Add to this the forward-most section of the brake drum?s inner surface is pressing hardest against the front shoe. There can be no doubt about that, right?
I?m confused, which shoe actually IS getting the most overall net force against it?
I appreciate that you have been educated on this overall topic, yet who was your teacher? Clearly you are merely repeating / arm-chairing what you?ve been told. I mean you?ve conducted no scientific testing / industrial assay on the system we?re discussing, correct?
It does appear at this point gentlemen that we have an open and unresolved issue.

??? if every technical source says “A”, why do you think “B” is better answer?

Every car I bought new had the shorter lining toward the front of the car. A lot of old Chrysler products that I owned, but didn’t buy new had equal length shoes and a wheel cylinder with one piston at both top and bottom facing in opposite directions so that both shoes were self energizing. This was a superior design but lost out to the cheaper to manufacture Bendix when power brakes were able to overcome the disadvantage of the Bendix design.

Both primary and secondary shoes are self energizing, the primary at the top and the secondary at the bottom. It’s interesting to note that a spare brake shoe set for my VW shows the same length and thickness primary and secondary linings and from visible appearance, the same material.

So far, these “technical sources” are merely regurgitating that which was once told to them (and they never stopped to question that information. An aside here can be, blindly following is not virtuous. After all, who invented the airplane, all the Ph.Ds in the world put together, or two guys in a barn?) I’m eager to learn which camp is correct on this issue, should any organization ever put the question to scientific scrutiny.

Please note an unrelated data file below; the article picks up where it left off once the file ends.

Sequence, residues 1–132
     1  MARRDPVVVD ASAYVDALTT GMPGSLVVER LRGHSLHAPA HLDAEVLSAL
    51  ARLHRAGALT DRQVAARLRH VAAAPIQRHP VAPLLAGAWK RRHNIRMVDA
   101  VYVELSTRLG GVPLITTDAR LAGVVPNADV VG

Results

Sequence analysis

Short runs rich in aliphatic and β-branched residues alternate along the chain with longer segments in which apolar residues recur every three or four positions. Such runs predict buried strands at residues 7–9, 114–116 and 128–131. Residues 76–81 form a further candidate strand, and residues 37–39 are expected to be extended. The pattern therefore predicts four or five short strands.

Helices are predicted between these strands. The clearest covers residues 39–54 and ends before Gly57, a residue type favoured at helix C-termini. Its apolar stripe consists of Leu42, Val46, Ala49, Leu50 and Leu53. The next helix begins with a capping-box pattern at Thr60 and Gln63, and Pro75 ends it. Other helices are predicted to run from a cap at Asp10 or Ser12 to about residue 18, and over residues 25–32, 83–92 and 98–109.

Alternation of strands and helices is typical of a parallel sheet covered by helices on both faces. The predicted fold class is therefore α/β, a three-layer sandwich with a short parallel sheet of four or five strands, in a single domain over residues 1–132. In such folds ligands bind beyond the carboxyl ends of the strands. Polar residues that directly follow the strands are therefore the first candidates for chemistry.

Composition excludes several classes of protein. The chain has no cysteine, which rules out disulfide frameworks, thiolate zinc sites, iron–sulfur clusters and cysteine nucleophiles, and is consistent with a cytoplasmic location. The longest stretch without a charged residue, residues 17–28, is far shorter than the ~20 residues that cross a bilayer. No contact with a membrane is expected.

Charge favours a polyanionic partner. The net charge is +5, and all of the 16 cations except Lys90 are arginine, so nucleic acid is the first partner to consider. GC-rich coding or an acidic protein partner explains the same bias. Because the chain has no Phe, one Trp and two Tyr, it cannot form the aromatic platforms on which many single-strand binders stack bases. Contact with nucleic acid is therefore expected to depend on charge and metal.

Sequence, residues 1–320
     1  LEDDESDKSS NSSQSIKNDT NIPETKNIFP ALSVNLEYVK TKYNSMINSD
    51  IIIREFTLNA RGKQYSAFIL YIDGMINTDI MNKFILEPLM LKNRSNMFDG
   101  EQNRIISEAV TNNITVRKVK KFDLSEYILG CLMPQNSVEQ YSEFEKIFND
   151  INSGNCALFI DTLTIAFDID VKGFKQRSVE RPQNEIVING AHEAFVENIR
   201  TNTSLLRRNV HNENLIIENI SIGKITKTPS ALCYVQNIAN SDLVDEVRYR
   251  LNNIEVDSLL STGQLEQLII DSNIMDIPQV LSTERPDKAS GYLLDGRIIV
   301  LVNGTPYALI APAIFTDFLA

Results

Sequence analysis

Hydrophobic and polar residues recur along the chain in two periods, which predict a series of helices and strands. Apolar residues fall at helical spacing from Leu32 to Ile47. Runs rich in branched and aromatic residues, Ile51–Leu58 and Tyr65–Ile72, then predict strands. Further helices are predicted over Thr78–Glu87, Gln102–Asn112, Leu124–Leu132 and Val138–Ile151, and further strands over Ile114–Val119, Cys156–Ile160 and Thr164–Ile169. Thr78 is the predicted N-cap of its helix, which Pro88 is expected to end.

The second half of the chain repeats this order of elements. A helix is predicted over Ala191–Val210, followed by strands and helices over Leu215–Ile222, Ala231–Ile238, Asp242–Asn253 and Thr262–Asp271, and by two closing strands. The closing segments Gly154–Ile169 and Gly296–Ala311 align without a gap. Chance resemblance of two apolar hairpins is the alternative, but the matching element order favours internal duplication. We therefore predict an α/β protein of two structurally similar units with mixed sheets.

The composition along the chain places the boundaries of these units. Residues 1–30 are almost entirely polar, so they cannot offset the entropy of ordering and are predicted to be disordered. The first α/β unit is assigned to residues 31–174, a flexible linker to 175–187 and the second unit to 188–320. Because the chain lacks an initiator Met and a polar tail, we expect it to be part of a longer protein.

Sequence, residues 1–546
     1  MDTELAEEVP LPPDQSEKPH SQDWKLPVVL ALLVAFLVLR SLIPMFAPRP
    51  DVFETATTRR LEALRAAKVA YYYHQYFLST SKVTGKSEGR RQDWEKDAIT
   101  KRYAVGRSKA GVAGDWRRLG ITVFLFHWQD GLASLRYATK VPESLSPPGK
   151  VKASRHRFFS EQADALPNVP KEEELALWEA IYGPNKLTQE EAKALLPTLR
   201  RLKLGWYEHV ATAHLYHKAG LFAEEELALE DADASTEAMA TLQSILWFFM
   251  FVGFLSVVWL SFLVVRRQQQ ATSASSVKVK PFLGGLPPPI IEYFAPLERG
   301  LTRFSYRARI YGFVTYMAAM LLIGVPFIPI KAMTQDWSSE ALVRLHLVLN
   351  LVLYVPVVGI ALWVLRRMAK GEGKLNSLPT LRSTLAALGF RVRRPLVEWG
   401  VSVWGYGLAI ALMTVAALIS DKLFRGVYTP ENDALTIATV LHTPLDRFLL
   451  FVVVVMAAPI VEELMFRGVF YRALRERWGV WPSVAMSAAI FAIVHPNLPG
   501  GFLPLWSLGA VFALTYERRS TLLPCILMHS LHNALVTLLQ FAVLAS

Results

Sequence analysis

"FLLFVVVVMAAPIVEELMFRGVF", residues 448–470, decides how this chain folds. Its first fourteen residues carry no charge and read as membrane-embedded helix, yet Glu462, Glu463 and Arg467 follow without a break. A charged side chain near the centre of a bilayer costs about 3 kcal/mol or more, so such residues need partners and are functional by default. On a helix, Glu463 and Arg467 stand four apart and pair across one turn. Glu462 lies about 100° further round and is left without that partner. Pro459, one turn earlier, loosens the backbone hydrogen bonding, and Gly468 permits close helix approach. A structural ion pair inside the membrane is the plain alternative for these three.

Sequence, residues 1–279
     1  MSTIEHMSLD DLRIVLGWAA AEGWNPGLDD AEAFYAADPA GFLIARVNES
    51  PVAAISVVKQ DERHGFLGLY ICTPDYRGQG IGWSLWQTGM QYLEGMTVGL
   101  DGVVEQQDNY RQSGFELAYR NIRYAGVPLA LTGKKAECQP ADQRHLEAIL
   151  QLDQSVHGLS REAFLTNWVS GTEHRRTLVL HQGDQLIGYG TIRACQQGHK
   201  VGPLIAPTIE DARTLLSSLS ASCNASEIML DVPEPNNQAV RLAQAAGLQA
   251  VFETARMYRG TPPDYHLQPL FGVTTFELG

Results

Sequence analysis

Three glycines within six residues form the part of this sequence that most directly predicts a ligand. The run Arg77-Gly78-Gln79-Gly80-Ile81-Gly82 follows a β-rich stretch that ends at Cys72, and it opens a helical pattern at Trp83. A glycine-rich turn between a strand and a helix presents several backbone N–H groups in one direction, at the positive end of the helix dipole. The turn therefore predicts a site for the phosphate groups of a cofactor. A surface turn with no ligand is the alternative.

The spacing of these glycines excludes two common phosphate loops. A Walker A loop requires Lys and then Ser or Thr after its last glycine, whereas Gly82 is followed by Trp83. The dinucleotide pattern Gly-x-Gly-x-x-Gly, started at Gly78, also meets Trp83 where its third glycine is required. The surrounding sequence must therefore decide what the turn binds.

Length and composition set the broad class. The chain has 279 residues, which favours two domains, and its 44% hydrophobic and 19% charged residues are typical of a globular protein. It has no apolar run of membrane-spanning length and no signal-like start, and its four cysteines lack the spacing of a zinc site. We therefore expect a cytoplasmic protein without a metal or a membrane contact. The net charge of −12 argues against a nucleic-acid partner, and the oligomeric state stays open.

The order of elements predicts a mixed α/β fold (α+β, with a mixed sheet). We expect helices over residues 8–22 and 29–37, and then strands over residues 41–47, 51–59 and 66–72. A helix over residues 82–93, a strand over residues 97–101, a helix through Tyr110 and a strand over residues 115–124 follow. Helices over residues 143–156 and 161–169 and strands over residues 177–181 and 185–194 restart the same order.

The short shoe belongs on the front. With the long lining at the front the brakes are prone to lock up.

The long shoe goes on the back because that’s where the engineers who designed these brakes many, many, years ago wanted it…Most of them are probably dead and now we have people wanting to debate their motives and engineering skills. And yes, some designs do indeed use two identical shoes… But I have seen to two long ones on one side of the car and the two short ones on the other…

Hmmm…I guess you want Mr. Bendix to show up and set your mind at ease…I’ve checked out dozens of web sites, but they may not satisfy you…but I could find NONE that conflict with the above-stated info. Anything you care to contribute?

The rear when you press the brakes while going forward, the top of the rear shoe stays firmly seated on the pin at the top of the brake backing plate. The rear-facing piston in the brake cylinder does not budge. The rear shoe does not add any pressure to the fluid in the brake cylinder.

While I would not rule out the possibility that somewhere there are brakes designed upside down relative to the ‘norm’ (that is, they have the slave cylinders at the bottom and the adjuster at the top) every car I have ever worked on, foreign or domestic, needed to have the shoe with the longer friction surface mounted toward the rear of the car.